Jarrett Cooper raised an important and interesting question about the potentiality of fetuses to become adults in a comment, and I thought I'd make a post with a response. The center of the question is:
There are those who dislike the use of the potential verbiage that is used for pro-life arguments. Namely, to ground the moral worth of fetuses in that they have the potential (albeit undeveloped) to become beings with consciousnesses, intellect, language, etc. They argue that the word "potential" has a very broad scope and therefore defending the use of potential with regards to fetuses becomes arbitrary.
What I gather is that their concern is there are many things have potential to be such and such. After all, it is said that we are star dust, but yet we don't view exploding stars nor the mere star dust remnants themselves as human beings. This is because even if we are just star dust, there's a whole bunch of processes that have to occur to get a human being.
I think we can identify two relevant distinctions between how an F (say, a fetus, a bit of star dust, or some clay) becomes a G, and corresponding to these two distinctions there are relevant distinctions as to F's potentiality to become a G.
The first distinction is implicit in the rest of Mr. Cooper's comment and may be on a continuum. This is the distinction between F's changing itself into a G and F's being changed into a G.
For instance, an acorn changes or transforms into an oak tree, but an oak tree is changed or transformed into a canoe. In both cases there is both internal and external causal agency. The acorn needs water, soil and sunlight to become an oak tree. The oak tree needs cutting and joining to become a boat. Note, however, that the second of these two sentences, while having an interpretation on which it is true, sounds odd. For while the acorn seems to be primary agent when it becomes the oak tree, the boat-builder is the primary agent when the oak tree becomes a boat. The water, soil and sunlight have a supportive role in the transformation, and the acorn, driven by its DNA, has a primary active role. In the case of the boat, however, the boat-builder does not merely have a supportive role in the process. Either she is the primary agent, or else she and the oak tree are jointly primary agents.
Corresponding to this distinction there is a distinction between an F's potentiality to change itself into a G, and an F's potentiality to be changed into a G. Neither the human ovum nor star dust have the potentiality to change themselves themselves into an adult. In the case of the human ovum, that is because a genetically equal or almost equal input from the sperm is required (almost, since DNA may not be the sum total of the genetic code; cytological context matters, for instance). And a fortiori star dust can't change itself into an adult human.
There is a second distinction, perhaps more principled. There are three ways in which we can say that an F changes into a G. First, we have accidental change, where the entity that is initially identical with an F is eventually identical with a G. Thus, the child becomes the adult: the same individual that was the change is later the adult. Second, we have substantial change, where the entity that is an F perishes an a G comes into existence. For instance, this happens when a book burns into smoke and ashes. There is no one entity that once was a book and later is smoke and ashes (though there may be particles that once constituted a book and later constitute smoke and ashes). Third, we have what we might call constitutional change, where the F comes to constitute a G. In this case, the "be" in "F comes to be a G" is the "to be" of constitution rather than of identity. For instance, sticks become a house. But it is never literally true that the sticks are identical with a house. To be more precise, we should say that the sticks come to constitute the house.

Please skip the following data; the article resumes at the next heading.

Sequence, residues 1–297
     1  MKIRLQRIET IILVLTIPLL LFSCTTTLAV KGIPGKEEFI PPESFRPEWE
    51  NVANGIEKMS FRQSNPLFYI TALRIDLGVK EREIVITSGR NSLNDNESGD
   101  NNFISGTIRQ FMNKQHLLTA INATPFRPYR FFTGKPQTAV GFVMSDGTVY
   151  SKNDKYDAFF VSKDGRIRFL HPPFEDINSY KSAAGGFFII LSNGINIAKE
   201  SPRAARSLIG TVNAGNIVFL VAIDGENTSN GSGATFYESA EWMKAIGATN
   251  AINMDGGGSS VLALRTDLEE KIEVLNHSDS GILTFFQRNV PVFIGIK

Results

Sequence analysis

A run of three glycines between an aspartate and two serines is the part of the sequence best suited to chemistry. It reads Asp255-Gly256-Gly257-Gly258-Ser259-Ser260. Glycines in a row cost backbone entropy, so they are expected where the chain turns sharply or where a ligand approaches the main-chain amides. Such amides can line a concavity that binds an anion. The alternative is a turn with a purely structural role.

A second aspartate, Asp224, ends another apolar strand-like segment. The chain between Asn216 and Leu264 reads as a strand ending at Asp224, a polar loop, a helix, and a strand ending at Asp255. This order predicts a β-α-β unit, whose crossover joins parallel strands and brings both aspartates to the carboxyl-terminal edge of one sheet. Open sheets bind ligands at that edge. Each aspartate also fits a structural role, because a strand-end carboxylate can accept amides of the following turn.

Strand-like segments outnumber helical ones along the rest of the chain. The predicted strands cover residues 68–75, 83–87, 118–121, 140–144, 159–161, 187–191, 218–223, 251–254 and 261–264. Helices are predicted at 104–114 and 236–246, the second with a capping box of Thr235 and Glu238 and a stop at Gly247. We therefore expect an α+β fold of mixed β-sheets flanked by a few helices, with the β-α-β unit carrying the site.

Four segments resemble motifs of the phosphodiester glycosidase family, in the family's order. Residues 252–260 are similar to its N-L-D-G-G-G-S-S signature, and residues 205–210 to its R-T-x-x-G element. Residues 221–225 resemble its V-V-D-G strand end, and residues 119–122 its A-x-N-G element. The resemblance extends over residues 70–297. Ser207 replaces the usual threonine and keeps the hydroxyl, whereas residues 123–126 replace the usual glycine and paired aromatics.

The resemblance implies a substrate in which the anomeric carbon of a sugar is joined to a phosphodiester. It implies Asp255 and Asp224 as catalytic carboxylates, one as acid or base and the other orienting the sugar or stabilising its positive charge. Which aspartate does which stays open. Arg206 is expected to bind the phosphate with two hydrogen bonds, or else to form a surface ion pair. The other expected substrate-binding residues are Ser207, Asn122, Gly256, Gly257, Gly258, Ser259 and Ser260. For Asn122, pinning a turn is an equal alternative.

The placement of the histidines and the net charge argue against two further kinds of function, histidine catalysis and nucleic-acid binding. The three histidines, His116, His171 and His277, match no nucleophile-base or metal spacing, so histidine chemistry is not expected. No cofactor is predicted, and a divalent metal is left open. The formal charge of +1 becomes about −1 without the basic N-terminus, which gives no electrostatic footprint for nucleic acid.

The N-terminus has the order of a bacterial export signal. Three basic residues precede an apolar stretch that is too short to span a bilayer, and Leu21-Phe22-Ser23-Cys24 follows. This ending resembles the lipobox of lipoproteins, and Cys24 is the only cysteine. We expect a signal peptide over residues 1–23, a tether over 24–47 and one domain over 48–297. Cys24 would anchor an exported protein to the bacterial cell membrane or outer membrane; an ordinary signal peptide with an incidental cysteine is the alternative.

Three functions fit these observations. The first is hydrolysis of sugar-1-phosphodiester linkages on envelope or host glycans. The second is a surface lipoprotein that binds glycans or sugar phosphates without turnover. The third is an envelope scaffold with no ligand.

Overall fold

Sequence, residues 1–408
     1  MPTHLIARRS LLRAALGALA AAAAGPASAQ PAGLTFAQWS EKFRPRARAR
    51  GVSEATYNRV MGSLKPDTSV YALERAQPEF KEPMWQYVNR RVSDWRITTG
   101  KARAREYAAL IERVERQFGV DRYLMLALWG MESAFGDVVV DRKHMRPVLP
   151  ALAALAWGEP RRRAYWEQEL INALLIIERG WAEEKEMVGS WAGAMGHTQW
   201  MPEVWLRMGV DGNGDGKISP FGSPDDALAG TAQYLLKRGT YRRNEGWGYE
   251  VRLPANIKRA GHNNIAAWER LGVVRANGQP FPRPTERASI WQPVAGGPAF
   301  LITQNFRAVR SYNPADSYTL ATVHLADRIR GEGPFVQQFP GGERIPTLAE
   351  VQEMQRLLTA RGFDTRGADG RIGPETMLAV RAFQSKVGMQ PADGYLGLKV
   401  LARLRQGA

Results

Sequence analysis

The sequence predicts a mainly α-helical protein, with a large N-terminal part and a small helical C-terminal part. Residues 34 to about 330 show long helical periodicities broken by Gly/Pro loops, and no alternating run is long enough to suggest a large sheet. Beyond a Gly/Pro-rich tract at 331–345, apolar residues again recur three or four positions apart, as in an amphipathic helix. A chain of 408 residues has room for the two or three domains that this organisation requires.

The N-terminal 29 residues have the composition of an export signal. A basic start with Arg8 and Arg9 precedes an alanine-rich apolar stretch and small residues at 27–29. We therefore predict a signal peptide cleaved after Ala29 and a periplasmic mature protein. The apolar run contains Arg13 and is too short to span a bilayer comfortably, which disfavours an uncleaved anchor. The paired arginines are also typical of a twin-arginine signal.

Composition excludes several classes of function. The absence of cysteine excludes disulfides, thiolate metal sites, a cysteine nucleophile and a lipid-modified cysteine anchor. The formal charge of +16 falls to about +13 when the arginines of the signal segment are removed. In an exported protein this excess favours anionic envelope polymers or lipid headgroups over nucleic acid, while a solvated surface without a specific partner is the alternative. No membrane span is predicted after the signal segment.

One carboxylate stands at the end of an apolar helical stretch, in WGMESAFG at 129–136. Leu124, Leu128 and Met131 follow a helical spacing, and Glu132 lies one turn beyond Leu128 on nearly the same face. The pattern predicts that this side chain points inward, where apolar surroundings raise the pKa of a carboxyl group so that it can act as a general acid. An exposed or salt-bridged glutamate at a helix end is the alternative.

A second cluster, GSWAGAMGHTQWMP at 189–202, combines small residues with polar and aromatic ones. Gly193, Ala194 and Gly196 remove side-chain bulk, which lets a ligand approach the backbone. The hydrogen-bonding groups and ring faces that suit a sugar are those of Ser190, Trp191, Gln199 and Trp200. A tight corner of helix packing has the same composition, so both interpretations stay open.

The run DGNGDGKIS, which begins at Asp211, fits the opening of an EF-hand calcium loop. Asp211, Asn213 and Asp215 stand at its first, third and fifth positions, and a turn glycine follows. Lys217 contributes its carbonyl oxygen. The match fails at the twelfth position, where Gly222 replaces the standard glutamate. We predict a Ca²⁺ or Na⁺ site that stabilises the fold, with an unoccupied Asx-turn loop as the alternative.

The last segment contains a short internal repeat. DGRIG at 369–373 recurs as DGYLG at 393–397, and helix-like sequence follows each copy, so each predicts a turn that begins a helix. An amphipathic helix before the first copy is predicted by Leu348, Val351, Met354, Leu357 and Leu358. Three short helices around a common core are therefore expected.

It is never true to say that the entity that was identical with star dust is now identical with a human. What we can say, depending on difficult metaphysical questions, is at most that the star dust comes to constitute a human (or, better, a human's body) or that the particles that constituted star dust now constitute the human. Likewise, the ovum is not identical with the adult human. It changes substantially into a human adult: the ovum perishes, by merging with the sperm, and a human comes into existence from its death, like smoke and ashes come into existence from a book.
On the other hand, a fetus's change into an adult is an accidental change: the same entity that was identical with a fetus comes to be identical with an adult.
A potential to change oneself accidentally into an adult human is a much more morally significant potential than a potential to be changed substantially or constitutively into an adult human.
It may sound strange to say that a potential for an accidental change would give rise to a more important status than a potential for a substantial change. But the reason for that is that the fact that the fetus's change into an adults is an accidental change means that there is only an accidental difference between the fetus and an adult.